Saturday, May 06, 2006

Indirect magnetic resonance lymphangiography in patients with lymphedema Preliminary results in humans.

Eur J Radiol. 2006 Apr 16; [Epub ahead of print]

Lohrmann C, Foeldi E, Langer M.Division of Diagnostic Radiology, Department of Radiology, University Hospital of Freiburg, Hugstetter Strasse 55, D-79106 Freiburg, Germany.


To assess the feasibility of indirect magnetic resonance (MR) lymphangiography with intracutaneous injection of gadodiamide, a commercially available, non-ionic, extracellular paramagnetic contrast agent for the detection of lymphatic vessels in patients with lymphedema.


In 2005, three patients with lymphedema of the lower extremities (1 primary, 2 secondary) were referred by the Foeldi Clinic for Lymphology for indirect magnetic resonance lymphangiography. 4.5mL of gadodiamide and 0.5mL of mepivacainhydrochloride 1% were injected intracutaneously into the dorsal aspect of each foot. MR imaging was performed with a 1.5-T system equipped with high-performance gradients. For indirect magnetic resonance lymphangiography, a 3D Fast Low Angle Shot (FLASH) sequence (TR/TE: 5.1/1.23; flip angle: 25; matrix: 448x448; bandwidth: 330Hz/pixel; 6/8 rectangular field of view with a maximum dimension of 500mm; slices: 88; voxel size: 2.0mmx1.0mmx1.0mm; acquisition time: 0min 31s) was used.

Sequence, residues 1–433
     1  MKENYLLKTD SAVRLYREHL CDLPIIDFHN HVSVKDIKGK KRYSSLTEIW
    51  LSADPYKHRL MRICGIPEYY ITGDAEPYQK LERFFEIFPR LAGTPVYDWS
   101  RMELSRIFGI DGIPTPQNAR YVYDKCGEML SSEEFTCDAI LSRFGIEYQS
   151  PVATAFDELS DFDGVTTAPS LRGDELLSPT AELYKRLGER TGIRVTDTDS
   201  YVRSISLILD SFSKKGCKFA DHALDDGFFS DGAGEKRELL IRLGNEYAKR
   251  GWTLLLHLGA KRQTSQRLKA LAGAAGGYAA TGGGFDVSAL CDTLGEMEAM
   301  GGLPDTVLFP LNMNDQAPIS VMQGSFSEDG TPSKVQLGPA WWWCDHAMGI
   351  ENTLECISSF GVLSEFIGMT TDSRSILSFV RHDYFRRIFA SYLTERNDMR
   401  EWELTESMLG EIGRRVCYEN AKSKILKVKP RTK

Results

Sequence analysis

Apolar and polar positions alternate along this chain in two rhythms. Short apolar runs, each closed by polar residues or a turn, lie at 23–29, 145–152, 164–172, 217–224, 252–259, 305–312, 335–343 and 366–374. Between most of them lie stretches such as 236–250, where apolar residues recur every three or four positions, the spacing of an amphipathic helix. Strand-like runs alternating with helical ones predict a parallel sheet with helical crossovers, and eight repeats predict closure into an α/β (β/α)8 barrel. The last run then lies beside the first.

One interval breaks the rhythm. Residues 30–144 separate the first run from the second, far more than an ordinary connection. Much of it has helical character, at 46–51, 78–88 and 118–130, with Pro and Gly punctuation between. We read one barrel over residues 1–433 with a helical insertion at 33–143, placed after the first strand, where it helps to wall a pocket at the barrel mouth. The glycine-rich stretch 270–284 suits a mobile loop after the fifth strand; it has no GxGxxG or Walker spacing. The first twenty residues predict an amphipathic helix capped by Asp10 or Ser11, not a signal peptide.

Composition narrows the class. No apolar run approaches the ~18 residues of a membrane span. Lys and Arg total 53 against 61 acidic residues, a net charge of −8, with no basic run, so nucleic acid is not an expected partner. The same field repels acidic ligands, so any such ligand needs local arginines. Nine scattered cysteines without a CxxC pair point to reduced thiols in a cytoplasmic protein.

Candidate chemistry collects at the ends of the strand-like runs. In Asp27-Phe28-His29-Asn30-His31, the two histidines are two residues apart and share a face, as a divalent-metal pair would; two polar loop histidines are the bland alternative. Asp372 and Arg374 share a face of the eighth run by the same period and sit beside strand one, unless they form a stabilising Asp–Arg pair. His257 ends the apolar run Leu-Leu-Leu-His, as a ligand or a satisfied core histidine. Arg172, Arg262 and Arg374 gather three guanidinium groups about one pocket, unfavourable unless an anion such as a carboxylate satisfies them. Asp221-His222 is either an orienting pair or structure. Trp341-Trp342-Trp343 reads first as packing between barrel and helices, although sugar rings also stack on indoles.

Indirect magnetic resonance lymphangiography depicted lymphatic vessels of the lower and upper leg, and inguinal lymph nodes in all three patients. After 5min of contrast material application, concomitant venous enhancement was detected. Collateral vessels with dermal back-flow were seen in two patients. A lymphocele in the inguinal region with the afferent lymphatic vessel was depicted in one patient.


In the presented small study group, indirect magnetic resonance lymphangiography was technically feasible, and no complications were observed after intracutaneous injection of gadodiamide. Visualizing the lymphatic vessels and accompanying complications non-invasively and without the use of radiation, the presented method has the capability to become a routine diagnostic imaging tool in patients with primary and secondary lymphedema. The method is not able to characterize lymph node morphology, but could provide additional information about the lymphatic vessels when lymph nodes are examined, e.g. with super-paramagnetic iron oxide particles.

PMID: 16621396 [PubMed - as supplied by publisher]

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